CHAPTER 2

VEHICLE CONTROL SYSTEM

 

Introduction

 

You must comprehend how all the controls and equipment in any vehicle you drive as a professional work. Commercial automobiles differ significantly from household vehicles. Commercial vehicles contain a variety of systems, controls, and tools that are often absent from personal vehicles.

 

You should never drive a vehicle unless you are comfortable with its controls and instruments for safety reasons.

 

Engine Controls

 

The vehicle's engine is started and stopped using the engine controls. Despite being comparable in most vehicles, they do differ somewhat depending on the engine's manufacturer and type.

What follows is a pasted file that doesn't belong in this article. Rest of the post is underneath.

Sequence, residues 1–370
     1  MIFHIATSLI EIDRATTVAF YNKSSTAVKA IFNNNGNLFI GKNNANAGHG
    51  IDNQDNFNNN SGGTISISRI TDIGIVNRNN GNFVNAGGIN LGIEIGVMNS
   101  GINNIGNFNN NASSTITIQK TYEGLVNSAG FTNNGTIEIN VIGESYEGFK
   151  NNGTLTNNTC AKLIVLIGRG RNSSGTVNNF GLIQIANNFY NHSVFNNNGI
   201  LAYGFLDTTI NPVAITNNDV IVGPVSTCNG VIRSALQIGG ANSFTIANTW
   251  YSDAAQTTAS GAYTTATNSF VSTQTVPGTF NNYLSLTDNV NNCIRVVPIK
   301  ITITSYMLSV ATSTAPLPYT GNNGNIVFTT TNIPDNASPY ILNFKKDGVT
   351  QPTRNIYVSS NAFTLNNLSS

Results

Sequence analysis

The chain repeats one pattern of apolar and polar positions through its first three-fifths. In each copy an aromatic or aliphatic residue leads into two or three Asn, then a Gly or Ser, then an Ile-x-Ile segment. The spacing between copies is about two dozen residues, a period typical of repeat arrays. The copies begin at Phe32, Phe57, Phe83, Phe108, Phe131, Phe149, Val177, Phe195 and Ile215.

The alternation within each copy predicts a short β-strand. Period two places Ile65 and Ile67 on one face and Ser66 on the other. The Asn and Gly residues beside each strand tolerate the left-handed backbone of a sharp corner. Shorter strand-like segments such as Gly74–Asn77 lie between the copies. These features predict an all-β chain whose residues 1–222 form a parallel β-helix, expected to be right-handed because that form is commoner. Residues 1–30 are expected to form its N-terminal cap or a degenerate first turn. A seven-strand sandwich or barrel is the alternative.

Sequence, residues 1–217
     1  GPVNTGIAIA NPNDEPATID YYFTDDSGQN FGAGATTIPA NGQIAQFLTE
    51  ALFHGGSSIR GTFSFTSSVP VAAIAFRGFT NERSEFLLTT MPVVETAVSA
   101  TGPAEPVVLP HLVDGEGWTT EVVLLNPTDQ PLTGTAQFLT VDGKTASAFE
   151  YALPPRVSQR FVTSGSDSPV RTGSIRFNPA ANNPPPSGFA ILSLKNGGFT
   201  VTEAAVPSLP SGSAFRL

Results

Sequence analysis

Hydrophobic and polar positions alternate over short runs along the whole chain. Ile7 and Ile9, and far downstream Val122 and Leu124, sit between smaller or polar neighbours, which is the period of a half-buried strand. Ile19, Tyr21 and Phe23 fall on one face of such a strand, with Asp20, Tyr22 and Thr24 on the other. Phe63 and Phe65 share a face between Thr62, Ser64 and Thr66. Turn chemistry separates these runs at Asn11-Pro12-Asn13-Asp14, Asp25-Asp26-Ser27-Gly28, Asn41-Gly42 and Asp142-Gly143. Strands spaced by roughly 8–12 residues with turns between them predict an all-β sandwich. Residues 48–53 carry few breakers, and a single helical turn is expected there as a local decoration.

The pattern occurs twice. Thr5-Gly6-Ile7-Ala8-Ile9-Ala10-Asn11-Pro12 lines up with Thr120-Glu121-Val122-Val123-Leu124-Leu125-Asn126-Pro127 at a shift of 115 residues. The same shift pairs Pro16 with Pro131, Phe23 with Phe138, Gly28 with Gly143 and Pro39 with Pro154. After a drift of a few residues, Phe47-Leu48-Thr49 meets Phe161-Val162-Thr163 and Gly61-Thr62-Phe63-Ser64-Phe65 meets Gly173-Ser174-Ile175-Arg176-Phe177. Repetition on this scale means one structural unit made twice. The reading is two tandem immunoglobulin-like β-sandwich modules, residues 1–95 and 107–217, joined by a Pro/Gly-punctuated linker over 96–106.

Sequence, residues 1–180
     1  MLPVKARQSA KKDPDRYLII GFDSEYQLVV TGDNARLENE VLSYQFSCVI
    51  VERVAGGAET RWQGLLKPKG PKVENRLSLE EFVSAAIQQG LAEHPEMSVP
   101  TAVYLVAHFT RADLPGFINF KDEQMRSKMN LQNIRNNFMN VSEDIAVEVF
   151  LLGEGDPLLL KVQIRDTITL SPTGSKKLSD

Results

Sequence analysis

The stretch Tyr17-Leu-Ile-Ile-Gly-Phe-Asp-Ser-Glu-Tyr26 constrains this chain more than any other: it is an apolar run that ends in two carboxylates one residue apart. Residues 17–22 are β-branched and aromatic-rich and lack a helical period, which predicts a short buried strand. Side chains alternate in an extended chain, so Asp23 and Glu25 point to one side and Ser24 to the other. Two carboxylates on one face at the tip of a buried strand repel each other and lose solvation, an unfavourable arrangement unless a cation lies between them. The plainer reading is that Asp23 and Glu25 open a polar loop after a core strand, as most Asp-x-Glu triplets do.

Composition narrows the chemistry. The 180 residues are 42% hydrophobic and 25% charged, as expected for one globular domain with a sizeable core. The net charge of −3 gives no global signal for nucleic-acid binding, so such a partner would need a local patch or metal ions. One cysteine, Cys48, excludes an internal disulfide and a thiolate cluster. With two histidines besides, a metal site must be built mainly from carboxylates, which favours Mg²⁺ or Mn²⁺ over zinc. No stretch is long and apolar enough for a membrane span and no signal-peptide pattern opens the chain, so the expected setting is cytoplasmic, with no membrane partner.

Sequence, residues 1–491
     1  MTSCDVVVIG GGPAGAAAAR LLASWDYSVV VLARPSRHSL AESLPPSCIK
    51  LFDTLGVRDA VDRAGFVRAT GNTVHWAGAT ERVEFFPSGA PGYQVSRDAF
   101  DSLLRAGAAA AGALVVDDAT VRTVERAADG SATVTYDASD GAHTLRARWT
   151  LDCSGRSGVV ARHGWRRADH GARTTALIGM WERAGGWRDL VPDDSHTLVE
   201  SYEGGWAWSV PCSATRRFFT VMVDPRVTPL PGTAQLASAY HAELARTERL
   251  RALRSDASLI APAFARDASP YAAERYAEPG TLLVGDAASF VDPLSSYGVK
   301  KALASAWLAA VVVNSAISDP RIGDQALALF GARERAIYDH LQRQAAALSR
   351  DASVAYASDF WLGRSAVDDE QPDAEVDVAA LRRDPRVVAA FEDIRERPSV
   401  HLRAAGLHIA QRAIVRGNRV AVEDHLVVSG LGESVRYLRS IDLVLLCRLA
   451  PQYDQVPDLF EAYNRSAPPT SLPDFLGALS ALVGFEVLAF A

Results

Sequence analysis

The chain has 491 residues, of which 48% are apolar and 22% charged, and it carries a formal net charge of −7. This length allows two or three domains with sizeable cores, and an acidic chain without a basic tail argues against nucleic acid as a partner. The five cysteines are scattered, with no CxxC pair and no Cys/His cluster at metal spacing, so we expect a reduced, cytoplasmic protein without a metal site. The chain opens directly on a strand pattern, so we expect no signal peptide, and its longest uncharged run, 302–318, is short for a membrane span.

Engine control switch — The engine is started using the engine control switch. The engine cannot be started until it is turned on.

 

Starter button — There is a starting button on certain vehicles. You must first turn the engine key to the "on" position before pressing the starting button if the truck you are driving has one. About 3 to 5 seconds should be the typical cranking time.

 

Cruise control — Without touching the pedal, the vehicle may maintain a constant, steady pace thanks to cruise control.

 

Primary Vehicle Controls

 

Steering wheel — The vehicle is driven by turning the steering wheel. Its diameter is greater than that of your vehicle's steering wheel.